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    Dude 40 is not old. You need to ride a lot more. once a month is not gonna get you in good riding shape.

  28. #28
    Anytime. Anywhere.
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    I'm 56 in 2 weeks and have in and out of good shape quite a few times. Never totally out but had difficulty climbing when out. An Anthem is a good bike and you are not overweight. You just have to exercise whenever you can. I know it's not easy finding time but it's the only way. I have a riding buddy who is not as fit as I am but I love riding with him. He is 50, has a great attitude, lots of skill, will try almost anything, is not afraid to suffer, and usually only gets out to ride twice a week. When he does ride there is always a big climb involved and he is finding them easier. He has got into better shape with riding twice a week but it's slow and the rides are hard. 3 hard rides a week and he would be much better but he is too busy. Try and find time at least 3 times a week.
    I got some bad ideas in my head.

  29. #29
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    +11ty - Ride more. Commit to riding more. Find a club, group ride, friends that will drag you out, etc....

    Each time you ride, push your lungs (and legs) just a bit further than the last time you were out. Also, focus more on YOUR cadence and what YOUR body is telling you than the person in front of you's pace. You will never become a better rider unless you find your physical limits and push them.

    Being able to lead the group you are currently struggling to keep pace with sure would feel awesome, huh? You can do it!

  30. #30
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    High intensity interval training for the off trail times.
    3 high-intensity workouts to burn fat and increase fitness :: Men's Health

  31. #31
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    Hours on the bike will solve most of your problems.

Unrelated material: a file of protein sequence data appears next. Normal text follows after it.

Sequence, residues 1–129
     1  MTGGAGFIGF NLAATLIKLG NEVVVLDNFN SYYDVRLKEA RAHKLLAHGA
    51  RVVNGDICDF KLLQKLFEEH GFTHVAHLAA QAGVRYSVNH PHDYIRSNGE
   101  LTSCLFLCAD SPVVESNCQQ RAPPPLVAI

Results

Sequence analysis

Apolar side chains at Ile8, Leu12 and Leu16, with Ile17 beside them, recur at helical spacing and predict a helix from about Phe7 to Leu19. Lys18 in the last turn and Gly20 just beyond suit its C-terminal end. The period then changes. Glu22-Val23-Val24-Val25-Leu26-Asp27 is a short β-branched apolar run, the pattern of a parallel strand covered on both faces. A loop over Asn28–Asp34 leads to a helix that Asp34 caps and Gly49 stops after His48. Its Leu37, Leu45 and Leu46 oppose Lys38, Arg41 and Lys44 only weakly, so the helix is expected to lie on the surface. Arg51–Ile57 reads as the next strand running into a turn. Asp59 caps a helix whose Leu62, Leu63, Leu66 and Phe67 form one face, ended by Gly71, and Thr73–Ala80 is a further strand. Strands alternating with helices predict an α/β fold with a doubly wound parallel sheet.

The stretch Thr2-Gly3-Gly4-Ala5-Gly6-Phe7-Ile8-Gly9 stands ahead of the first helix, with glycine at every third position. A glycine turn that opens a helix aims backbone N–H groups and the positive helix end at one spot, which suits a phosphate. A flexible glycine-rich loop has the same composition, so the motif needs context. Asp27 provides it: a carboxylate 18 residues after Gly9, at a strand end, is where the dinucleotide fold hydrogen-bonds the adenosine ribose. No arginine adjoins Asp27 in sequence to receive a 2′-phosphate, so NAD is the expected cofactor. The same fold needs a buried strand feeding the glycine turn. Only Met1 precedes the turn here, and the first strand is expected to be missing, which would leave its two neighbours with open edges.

32. #32
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    Lack of fitness or the bike?

    Quote Originally Posted by Berkeley Mike View Post
    You need to get out and ride more.

    I've seen young men of college age who have a history of riding. They can not ride much or at all and just show up and hammer with the best of them. As you age that disappears. You have to work more to stay with the guys you ride with.
    Total copout. If you work to stay in shape, just like the young ones, theres no reason why, at 40, you should be falling behind. At 35-40 or so, your red blood cells capacity for oxygen is at its highest. There's a reason why all the top endurance athletes are around that age.

  33. #33
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    Lack of fitness or the bike?

    Get a cheap road bike and ride it during the week after work. Helps me a lot and I'm 47

  34. #34
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    Lack of fitness or the bike?

    Ride alone and enjoy it.

  35. #35
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    Lack of fitness or the bike?

    Quote Originally Posted by Axe View Post
    Ride alone and enjoy it.
    +1


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  36. #36
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    There's no substitute for time in the saddle. I've found that if I ride twice a week, I pretty much maintain whatever fitness level I'm at. If I can get out three times a week, I improve, if I can get out four times per week, I really improve! But no matter what, I have to push myself. It's never just a leisurely ride for me. Oh and I'm 52.

  37. #37
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    Lack of fitness or the bike?

    Guys. Thanks so much for all your comments. It really has answered my questions around fitness and inspires me hugely to get out on the bike, more! Cheers from Australia 😊


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  38. #38
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    Quote Originally Posted by jamie g View Post
    inspires me hugely to get out on the bike 
    sadly i ride all the time and i still kind of suck on the hills. My full squish bike is 27 pounds so i'm thinking about building a 26 in chinese carbon hardtail to come in under 20. I will take any help i can get.

  39. #39
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    Quote Originally Posted by jamie g View Post